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Early Voting Experiment

Wed, 06/17/2020 - 19:16

Editorial

New Yorkers have already been voting in 2020 primaries for a range of local and statewide races. Early in-person polling places, which opened on Saturday, will remain open until Sunday afternoon and then reopen on Tuesday, the actual day of the primary.

Unfortunately, statistics on the effect of early voting in New York State suggest its effect on voter participation has been negligible to date. In Suffolk County, few and far-between early polling places could be the main obstacle to improving the numbers.

New York’s turnout during the 2018 congressional midterm put it close to the bottom of all states, 44th over all. In the 2016 presidential election, New Yorkers could muster only 39th place. Across the United States, early voting has not done much to boost enthusiasm; it just moved the voting around.

To vote early, registered Democrats from all of East Hampton’s 19 election districts must get to Windmill Village, the elder housing complex off Accabonac Road on the East Hampton Village fringe, to cast a ballot from now through Sunday at 3 p.m. Southampton Town voters must go to Stony Brook Southampton University. Southold in-person voting is at the town’s senior services building at 750 Pacific Street in Mattituck.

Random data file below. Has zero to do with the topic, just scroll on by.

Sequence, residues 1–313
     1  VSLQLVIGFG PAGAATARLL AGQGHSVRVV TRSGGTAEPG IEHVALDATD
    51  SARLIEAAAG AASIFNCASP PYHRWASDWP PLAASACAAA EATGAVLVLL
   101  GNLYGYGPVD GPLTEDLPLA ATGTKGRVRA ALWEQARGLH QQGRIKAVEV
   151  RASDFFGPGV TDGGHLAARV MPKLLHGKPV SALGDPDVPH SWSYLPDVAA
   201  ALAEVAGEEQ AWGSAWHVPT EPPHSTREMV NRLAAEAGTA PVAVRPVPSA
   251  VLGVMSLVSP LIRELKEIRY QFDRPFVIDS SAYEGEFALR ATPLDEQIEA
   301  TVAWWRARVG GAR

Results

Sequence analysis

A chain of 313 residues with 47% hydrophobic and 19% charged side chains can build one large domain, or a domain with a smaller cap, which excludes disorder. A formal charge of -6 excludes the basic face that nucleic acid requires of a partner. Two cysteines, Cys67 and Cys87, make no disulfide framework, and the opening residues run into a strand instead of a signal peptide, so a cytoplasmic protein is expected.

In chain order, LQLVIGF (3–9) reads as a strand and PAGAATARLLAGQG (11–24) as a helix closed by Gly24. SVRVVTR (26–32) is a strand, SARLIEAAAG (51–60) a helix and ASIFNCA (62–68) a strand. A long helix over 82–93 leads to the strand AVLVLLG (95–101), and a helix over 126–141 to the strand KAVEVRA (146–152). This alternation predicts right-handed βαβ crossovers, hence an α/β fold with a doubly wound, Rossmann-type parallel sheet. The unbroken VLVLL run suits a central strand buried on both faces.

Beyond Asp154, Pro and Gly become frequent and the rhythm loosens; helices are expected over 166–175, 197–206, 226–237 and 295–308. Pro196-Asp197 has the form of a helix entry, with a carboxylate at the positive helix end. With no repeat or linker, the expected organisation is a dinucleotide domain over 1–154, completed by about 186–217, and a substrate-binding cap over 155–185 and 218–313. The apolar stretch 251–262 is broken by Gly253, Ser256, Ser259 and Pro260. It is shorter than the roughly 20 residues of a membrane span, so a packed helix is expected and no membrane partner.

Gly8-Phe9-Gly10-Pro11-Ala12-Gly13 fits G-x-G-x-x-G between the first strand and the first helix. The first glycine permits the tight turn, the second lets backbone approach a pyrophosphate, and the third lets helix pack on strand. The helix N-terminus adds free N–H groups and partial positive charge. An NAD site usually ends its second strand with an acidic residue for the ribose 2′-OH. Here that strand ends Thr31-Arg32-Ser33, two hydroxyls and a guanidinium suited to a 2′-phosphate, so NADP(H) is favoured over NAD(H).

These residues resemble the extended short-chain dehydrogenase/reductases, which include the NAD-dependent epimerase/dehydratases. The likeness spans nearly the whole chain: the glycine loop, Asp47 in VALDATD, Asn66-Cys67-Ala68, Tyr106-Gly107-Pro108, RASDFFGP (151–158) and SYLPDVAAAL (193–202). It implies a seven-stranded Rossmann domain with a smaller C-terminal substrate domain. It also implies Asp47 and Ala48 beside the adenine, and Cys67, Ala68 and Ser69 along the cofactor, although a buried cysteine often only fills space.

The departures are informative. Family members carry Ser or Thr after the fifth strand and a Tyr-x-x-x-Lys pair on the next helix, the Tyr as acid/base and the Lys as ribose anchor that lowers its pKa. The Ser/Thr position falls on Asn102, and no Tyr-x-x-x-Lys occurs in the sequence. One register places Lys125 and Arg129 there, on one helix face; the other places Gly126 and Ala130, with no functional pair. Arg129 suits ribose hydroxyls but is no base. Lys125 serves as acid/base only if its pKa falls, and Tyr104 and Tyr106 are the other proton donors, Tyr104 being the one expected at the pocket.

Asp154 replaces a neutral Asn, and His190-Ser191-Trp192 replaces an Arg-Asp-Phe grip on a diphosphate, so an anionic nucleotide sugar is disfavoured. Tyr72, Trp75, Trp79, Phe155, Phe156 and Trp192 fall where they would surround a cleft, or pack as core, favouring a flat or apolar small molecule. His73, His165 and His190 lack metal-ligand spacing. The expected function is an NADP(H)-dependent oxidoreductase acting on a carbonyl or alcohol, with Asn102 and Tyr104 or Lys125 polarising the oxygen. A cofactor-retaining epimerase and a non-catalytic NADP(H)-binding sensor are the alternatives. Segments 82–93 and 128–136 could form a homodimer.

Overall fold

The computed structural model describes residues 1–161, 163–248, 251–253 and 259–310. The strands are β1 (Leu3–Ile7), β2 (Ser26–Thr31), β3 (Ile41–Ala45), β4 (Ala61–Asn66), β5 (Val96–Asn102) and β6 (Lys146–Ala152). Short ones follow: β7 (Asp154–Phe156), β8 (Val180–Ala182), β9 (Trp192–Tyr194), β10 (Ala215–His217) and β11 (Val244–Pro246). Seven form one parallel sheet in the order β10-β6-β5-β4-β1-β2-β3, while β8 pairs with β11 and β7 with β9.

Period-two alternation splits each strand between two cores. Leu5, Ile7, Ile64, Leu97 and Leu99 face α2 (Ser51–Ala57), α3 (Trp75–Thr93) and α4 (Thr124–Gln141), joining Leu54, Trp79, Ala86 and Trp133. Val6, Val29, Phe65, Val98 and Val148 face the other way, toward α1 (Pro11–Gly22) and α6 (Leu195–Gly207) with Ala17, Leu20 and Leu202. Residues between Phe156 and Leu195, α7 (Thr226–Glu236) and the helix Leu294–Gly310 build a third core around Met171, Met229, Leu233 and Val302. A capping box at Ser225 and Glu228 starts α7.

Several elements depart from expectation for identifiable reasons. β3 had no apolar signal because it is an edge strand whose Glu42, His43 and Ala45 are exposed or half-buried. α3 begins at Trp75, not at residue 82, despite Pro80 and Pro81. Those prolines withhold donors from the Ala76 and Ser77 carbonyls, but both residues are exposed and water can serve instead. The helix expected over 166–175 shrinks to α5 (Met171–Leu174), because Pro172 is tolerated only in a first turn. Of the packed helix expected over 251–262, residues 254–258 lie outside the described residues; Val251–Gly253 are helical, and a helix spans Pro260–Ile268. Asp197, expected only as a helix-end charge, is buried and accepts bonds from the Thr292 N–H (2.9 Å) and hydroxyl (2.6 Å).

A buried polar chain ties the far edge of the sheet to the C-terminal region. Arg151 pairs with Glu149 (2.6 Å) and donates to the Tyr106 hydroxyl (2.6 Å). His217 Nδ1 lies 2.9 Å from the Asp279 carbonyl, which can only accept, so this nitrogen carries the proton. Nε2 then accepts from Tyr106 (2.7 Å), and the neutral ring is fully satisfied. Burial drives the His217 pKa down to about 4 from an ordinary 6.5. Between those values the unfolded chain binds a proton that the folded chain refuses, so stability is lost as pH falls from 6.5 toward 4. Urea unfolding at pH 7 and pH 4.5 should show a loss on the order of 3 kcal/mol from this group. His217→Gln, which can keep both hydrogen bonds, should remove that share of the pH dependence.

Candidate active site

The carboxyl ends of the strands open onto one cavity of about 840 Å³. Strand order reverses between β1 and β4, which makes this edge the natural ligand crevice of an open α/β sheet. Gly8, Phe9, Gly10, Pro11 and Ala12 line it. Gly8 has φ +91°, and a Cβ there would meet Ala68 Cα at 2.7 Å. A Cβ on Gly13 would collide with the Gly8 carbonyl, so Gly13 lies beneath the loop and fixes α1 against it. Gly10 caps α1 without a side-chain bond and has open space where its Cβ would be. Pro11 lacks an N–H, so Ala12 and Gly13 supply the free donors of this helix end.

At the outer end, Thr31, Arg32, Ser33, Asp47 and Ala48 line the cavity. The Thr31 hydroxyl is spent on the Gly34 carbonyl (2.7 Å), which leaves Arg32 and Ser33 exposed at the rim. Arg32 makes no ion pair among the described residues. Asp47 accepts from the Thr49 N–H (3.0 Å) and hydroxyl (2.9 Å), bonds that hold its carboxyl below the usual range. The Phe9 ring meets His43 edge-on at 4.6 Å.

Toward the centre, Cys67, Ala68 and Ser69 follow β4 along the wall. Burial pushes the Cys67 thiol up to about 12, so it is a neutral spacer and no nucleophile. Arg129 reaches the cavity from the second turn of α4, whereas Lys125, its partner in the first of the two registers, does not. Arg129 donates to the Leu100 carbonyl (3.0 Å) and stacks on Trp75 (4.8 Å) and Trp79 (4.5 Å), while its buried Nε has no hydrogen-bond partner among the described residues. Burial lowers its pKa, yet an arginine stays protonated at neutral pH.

For many eligible voters, the drive to these sites, from Sag Harbor, Orient, or Montauk, for example, is a too-high barrier, especially this time of year. A limited number of polling places will be open on Tuesday for the final day of the primary, and even then, getting information about where to go is made unnecessarily difficult by the county elections board.

Getting an absentee ballot by mail is no sure thing either, given the Postal Service’s eccentricities, such as failing to provide street delivery in several areas of East Hampton Town. School district elections and budget votes had to be extended to help compensate for difficulties getting voters’ packages into the right hands. An experiment in universal mail-in ballots is now providing a hint of hope for greater percent of turnout — some school districts recorded double-digit increases. The larger the participation, the more meaningful the results and the better our democracy.

 


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